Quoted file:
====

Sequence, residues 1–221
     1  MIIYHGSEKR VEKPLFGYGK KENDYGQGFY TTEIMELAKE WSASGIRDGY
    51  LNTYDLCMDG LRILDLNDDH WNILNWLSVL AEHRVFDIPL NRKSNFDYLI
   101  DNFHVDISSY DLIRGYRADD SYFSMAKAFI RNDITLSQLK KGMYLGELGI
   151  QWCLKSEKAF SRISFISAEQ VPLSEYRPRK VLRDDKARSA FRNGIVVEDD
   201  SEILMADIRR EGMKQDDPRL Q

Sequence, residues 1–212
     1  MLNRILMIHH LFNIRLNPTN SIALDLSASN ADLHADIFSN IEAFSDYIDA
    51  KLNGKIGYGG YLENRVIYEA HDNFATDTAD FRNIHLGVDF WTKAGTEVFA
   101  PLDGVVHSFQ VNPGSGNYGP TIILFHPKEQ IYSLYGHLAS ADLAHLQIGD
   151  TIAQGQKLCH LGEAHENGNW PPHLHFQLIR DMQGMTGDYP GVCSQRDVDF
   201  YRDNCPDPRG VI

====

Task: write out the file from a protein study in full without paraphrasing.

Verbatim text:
Sequence, residues 1–221
     1  MIIYHGSEKR VEKPLFGYGK KENDYGQGFY TTEIMELAKE WSASGIRDGY
    51  LNTYDLCMDG LRILDLNDDH WNILNWLSVL AEHRVFDIPL NRKSNFDYLI
   101  DNFHVDISSY DLIRGYRADD SYFSMAKAFI RNDITLSQLK KGMYLGELGI
   151  QWCLKSEKAF SRISFISAEQ VPLSEYRPRK VLRDDKARSA FRNGIVVEDD
   201  SEILMADIRR EGMKQDDPRL Q

Sequence, residues 1–212
     1  MLNRILMIHH LFNIRLNPTN SIALDLSASN ADLHADIFSN IEAFSDYIDA
    51  KLNGKIGYGG YLENRVIYEA HDNFATDTAD FRNIHLGVDF WTKAGTEVFA
   101  PLDGVVHSFQ VNPGSGNYGP TIILFHPKEQ IYSLYGHLAS ADLAHLQIGD
   151  TIAQGQKLCH LGEAHENGNW PPHLHFQLIR DMQGMTGDYP GVCSQRDVDF
   201  YRDNCPDPRG VI